The Genesis of this movement began with the ambitions of David Aver, owner of Sumatra Hookah Lounge, took over the tavern from its previous owner on December 2010. “With Sumatra it was primarily a hookah but there were so many young artists that would come and visit my establishment that I decided to kind of make it my mission to contribute to the community by providing an outlet for local musicians,” Aver said. “So as far as on the music side we’re having a lot of people and everyone’s welcomed.”
David Zubia, Stan Zubia and Manuel Hernandez have played a few shows at Sumatra and are an example of the local talent that use the venue as a starting platform.
EL PASO – Local artists from El Paso and Ciudad Juarez have joined together in a network that spans the border, dedicated to painting the streets of both cities with hopeful art to refocus the minds of many who see this area as a war zone. The network known as Puro Borde, consists of more than two dozen artists from the El Paso-Juarez area who help each other exhibit their murals, turning their cities into more colorful communities. They also place their work in local galleries. Self-described “border artist” Arón Venegas, is a member of Puro Borde in El Paso who believes that art communicates with power. Venegas, a graduate of the University of Texas at El Paso, has worked on a variety of murals with Puro Borde and has exhibited his work in both Mexico and the U.S.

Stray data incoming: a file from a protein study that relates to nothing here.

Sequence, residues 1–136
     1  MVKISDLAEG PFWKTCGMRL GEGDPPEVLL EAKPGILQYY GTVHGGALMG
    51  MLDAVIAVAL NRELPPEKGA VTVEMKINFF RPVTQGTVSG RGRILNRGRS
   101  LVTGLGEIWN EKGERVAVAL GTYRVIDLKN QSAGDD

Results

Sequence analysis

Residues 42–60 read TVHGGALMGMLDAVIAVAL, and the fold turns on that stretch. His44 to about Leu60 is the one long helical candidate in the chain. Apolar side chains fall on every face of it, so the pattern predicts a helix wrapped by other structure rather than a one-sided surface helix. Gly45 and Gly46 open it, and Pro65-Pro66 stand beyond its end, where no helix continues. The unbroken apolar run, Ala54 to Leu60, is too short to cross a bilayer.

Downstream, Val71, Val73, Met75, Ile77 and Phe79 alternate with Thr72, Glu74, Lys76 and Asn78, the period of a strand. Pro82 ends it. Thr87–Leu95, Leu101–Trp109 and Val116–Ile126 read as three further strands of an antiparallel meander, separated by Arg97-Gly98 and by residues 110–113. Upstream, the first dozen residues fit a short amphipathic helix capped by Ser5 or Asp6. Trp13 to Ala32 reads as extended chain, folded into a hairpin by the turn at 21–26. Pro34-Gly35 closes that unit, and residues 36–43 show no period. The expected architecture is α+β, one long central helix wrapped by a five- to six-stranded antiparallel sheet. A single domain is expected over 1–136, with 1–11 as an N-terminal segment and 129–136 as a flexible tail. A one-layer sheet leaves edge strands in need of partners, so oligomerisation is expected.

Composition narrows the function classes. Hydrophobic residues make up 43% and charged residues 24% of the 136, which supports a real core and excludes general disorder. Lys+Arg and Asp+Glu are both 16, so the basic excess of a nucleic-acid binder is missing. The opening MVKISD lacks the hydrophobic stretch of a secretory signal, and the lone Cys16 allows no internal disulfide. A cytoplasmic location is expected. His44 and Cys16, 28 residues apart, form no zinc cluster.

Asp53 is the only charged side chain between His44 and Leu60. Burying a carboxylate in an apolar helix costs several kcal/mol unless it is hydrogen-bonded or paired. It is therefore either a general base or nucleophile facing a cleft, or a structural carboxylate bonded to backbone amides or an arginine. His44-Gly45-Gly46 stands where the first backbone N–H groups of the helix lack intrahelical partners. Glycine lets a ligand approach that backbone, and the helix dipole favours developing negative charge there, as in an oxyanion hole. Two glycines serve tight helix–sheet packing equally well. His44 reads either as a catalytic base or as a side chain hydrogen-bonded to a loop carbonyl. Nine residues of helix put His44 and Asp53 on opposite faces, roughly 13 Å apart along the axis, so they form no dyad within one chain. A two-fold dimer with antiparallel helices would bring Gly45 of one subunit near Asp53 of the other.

As for creating a sense of pride in a community through public art, Venegas suggests that a single mural cannot have the power that many with the same objective can.
EL PASO – Webster’s dictionary describes serendipity as “an aptitude for making desirable discoveries by accident.” UTEP Master of Fine Arts in creative writing students Daniel Ríos Lopera and Daniel Centeno, and 2011 graduate Diego Bustos, could have written the book on serendipity – or rather the magazine – and it seems they have. Revista COROTO is a slick literary magazine brimming with poetry, prose and photographs contributed by more than 20 writers, some of them Nobel Laureates and Cervantes Prize winners from five Latin American countries as well as France, Japan and England, all translated into Spanish. The first issue, printed in December 2011, is a compact, full-color edition with the theme El Fin de la Inocencia (the end of innocence). The weight of its 150 pages makes it feel more like a softcover coffee table book than a magazine, and the cover has a velvety feel. The circuitous swirl of serendipity began when Columbian international students Ríos from Medellín, Columbia; Bustos from Bogota, Colombia; and Centeno, from Puerto de la Cruz, Venezuela, met in UTEP’s Department of Creative Writing while pursuing their MFAs.